In the video, we’re in the camp in Tongogara, making our way through the part of camp where people from Mozambique stay. The child in the video was the first brave one to come meet my clown and after the game played out he really wanted to know how the squeak worked. You’ll see in the video that he discovers the squeaker in my palm. Then he proceeds to become a clown himself and continues the game, squeaking all the other children in the neighborhood with a great deal of joy.
Hannah is a theatre creator, therapeutic clown, movement director and teaching artist based in San Francisco. She was a 2022 Fulbright Scholar at the Egyptian Academy of Arts in Cairo, a 2023 Fulbright Specialist in Pakistan, and has taught physical theatre courses and performed around the world. In collaboration with non-profit organizations such as Clowns Without Borders, the Medical Clown Project and ClownCorps, Hannah performs in hospitals, on the street and in care centers locally and internationally, offering laughter relief to children and families who have experienced crisis. Compelled by the transformative power of play, she seeks to facilitate play spaces and collaborative performances that foster connection, shift perspectives and nurture a deeper understanding of our shared human experience.
“Within the show, there are moments of astonishment, moments of doubt, and moments of reflection, and we see that in the children. What’s happening to us is happening to them.”
Lars is the Founder of Los Banyasos.
enNingunlugar, VerdeCerca Circo, Rizoma Laboratorio Escénico, Ar Tsant´i Circo Social, Los Banyasos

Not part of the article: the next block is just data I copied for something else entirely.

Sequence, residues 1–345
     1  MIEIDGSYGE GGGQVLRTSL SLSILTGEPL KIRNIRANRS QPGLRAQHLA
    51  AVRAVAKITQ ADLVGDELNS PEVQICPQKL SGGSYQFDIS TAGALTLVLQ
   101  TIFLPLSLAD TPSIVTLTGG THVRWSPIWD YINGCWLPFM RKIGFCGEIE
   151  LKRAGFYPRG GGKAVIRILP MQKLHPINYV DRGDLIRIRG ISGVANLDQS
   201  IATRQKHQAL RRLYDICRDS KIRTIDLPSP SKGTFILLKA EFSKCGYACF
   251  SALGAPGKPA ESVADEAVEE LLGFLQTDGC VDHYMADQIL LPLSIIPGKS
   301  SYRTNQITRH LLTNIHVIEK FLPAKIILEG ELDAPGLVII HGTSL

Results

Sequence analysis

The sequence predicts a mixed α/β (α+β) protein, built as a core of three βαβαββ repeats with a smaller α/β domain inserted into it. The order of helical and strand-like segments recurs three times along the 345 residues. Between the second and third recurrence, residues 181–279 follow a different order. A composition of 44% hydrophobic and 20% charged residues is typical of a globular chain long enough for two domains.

My favorite moment was from Guatemala. It was a challenging tour in every way. Due to Covid one of the clowns couldn’t come, and so there were only two of us performing. Eacn performance was an excellent opportunity to prove ourselves as clowns before the different audiences (migrants, indigenous people, girls rescued from human trafficking). What I remember most was our last performance of the tour. It was for an indigenous population in a remote place in the Guatemalan mountains, very close to the border of Mexico.
The children saw us transform into clowns, they were amazed, apparently they had not seen characters like ours. I have a moment in the show, where I put a child on my shoulders and we simulate a freedom flight riding a unicycle. When I approached a child to invite him to come up with me, he didn’t want to, (perhaps shame, insecurity or fear). I tried another one and I didn’t get a favorable response. I tried another one again and nothing. I paused and watched, the energy of a girl caught me, she watched me with confidence and I played. I decided to go towards her. She stands up, the community shouts and applauds her.
“We as clowns, as performers, we…take them anywhere they want to go. But before we can do that, we have to meet them where they are.”
Meredith is a 2019 Tanne Award recipient.
23 Years of experience as a Hospital Clown (Humorology Atlanta, Big Apple Circus Clown Care Unit), 22 Years of Experience as Social Circus coach, (Cirque du Monde, So Cirque Atlanta), Three decades of theater acting.
We finished performing for a group at a refugee camp in Turkey. After the show a group of young girls began to crowd around me. Music was playing, so I took out my spoons and started playing them on my hand and leg.
As the girls saw this, they began to step closer to me. I thought that I would get them more involved. I carefully approached one of the older girls and touched the spoons on her shoulder, keeping the beat of the music. She smiled. Then, another girl came; she wanted me to do the same on her shoulder. This pattern continued with me keeping the beat with the spoons on these girls’ arms. Then some boys noticed and stepped closer, wanting to do the same.
I had a circle of girls and boys around me, laughing and eager to allow me to turn their bodies into percussion instruments.
“We tread lightly, and focus on play and human connection. And what we find is that when we can pull people into the world of clown, they are so full of lightness and joy.”
Circus Center’s Clown Conservatory under the direction of Cirque du Soleil performer Jeff Raz
Robin has been unicycling since she was 10 years old.